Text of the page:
When a child dies abroad many additional problems arise. You may wish or need to go to the place in which they died and then you may be in unfamiliar surroundings, possibly having to cope with complex negotiations in a language you don’t speak.
You may need to consider immediately how to convey the terrible news to people back home, bearing in mind the speed at which the media may publish the news. If your child is involved in a major disaster, you may not be certain whether or not they are on that flight or in that area and you may receive a telephone call from abroad or a visit from your local police informing you of the tragedy.
Many of the issues and questions that arise when your child dies overseas are explored in the TCF leaflet Death Abroad such as whether or not to go to the place where they died; the difficulties of getting to a remote place; the need to discover the truth of how your child died; managing different burial customs in other parts of the world; waiting for legal formalities; problems and costs involved in translating legal documents and obtaining a death certificate; repatriation of your child’s body.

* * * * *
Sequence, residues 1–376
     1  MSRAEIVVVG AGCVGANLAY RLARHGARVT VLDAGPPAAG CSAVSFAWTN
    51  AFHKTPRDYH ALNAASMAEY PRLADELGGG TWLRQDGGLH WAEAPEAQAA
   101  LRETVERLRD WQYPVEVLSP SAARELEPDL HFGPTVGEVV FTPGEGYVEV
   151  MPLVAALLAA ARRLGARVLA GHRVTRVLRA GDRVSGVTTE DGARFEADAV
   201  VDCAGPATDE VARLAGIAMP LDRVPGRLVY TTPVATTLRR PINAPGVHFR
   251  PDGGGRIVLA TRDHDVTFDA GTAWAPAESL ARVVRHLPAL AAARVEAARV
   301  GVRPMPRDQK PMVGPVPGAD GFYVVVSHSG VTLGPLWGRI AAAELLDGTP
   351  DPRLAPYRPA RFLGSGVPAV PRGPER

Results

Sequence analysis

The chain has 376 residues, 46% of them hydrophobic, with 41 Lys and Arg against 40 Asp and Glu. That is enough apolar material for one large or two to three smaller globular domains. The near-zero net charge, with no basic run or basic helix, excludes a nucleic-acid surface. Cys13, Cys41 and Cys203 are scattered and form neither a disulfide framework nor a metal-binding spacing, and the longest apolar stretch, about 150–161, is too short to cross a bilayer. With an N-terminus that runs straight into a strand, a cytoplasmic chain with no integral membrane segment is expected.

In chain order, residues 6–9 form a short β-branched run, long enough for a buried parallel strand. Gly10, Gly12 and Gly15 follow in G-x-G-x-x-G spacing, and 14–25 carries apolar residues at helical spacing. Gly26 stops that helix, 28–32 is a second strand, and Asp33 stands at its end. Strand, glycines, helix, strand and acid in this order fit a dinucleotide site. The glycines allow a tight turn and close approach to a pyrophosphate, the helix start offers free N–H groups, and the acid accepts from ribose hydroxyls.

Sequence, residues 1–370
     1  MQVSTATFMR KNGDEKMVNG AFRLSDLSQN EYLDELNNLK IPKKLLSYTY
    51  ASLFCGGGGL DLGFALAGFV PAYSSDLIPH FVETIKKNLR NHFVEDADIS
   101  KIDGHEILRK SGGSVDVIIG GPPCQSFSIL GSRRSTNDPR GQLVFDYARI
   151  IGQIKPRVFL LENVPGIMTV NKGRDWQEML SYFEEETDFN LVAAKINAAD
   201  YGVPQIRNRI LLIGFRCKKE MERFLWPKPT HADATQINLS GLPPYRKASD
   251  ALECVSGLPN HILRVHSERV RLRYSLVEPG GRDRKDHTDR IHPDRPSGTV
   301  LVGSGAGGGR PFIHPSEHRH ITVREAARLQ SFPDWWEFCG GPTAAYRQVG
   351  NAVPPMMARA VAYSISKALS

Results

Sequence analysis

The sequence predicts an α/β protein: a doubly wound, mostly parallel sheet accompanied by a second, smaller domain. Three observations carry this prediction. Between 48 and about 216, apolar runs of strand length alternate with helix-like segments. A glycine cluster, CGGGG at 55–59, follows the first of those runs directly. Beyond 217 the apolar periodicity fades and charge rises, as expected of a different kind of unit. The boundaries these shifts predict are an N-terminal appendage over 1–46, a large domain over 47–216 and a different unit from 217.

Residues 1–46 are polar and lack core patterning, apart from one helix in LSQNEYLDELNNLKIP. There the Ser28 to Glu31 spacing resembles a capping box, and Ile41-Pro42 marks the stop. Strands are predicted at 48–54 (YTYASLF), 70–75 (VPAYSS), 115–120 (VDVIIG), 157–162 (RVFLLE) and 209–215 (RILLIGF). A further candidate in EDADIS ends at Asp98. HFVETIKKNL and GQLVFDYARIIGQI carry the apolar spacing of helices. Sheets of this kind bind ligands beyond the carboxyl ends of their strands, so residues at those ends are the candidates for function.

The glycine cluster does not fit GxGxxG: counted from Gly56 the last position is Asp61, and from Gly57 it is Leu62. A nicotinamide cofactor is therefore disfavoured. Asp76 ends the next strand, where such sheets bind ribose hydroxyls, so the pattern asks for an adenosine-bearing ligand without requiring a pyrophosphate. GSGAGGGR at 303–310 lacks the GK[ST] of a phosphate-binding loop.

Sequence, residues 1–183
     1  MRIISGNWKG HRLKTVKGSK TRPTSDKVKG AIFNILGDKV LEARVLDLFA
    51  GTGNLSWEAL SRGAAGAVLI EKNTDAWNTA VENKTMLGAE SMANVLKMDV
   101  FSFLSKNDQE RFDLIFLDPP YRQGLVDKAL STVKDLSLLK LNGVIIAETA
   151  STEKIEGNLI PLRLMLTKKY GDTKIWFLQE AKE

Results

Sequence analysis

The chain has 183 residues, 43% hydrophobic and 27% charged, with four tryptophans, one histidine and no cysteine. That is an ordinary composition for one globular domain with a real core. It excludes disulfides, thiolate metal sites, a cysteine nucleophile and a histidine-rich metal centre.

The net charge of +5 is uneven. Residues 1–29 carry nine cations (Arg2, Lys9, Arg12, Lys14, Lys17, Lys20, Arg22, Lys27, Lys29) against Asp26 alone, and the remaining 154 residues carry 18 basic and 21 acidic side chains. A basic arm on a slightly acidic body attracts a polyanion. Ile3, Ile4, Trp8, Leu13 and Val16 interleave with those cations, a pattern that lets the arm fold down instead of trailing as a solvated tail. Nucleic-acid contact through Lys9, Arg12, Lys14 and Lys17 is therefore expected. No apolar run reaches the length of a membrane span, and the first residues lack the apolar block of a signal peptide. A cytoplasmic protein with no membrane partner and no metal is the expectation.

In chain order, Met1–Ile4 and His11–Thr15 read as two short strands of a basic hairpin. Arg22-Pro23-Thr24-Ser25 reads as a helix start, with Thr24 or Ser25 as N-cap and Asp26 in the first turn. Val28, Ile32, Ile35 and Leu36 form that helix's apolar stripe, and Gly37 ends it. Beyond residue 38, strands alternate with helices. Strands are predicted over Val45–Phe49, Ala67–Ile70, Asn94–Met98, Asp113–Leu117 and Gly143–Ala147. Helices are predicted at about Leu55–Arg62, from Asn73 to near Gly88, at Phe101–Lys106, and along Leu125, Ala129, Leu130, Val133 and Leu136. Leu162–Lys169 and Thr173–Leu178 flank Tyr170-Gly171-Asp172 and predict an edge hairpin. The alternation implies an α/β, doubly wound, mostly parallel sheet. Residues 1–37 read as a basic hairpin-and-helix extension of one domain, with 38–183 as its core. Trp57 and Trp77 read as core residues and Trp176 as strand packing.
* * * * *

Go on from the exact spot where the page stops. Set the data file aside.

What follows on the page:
The leaflet cannot cover every set of circumstances faced by parents whose child has died abroad but it does deal with some of the questions arising from visiting the country where your child died and maintaining relationships with your child’s partner and children or friends if they lived abroad.
International Liaison Director, Foreign and Commonwealth Office (www.fco.gov.uk or 020 7008 0218) who produce a leaflet Death Overseas – Advice for Friends and Relatives, which gives information about the role of the British Consul abroad and the help available from London.
SAMM (Support after Murder and Manslaughter) (www.samm.org.uk or 020 7735 3838) has a section for deaths that occur abroad.
Each year thousands of parents suffer the loss of a son or a daughter. Please help us to support families in their time of greatest need.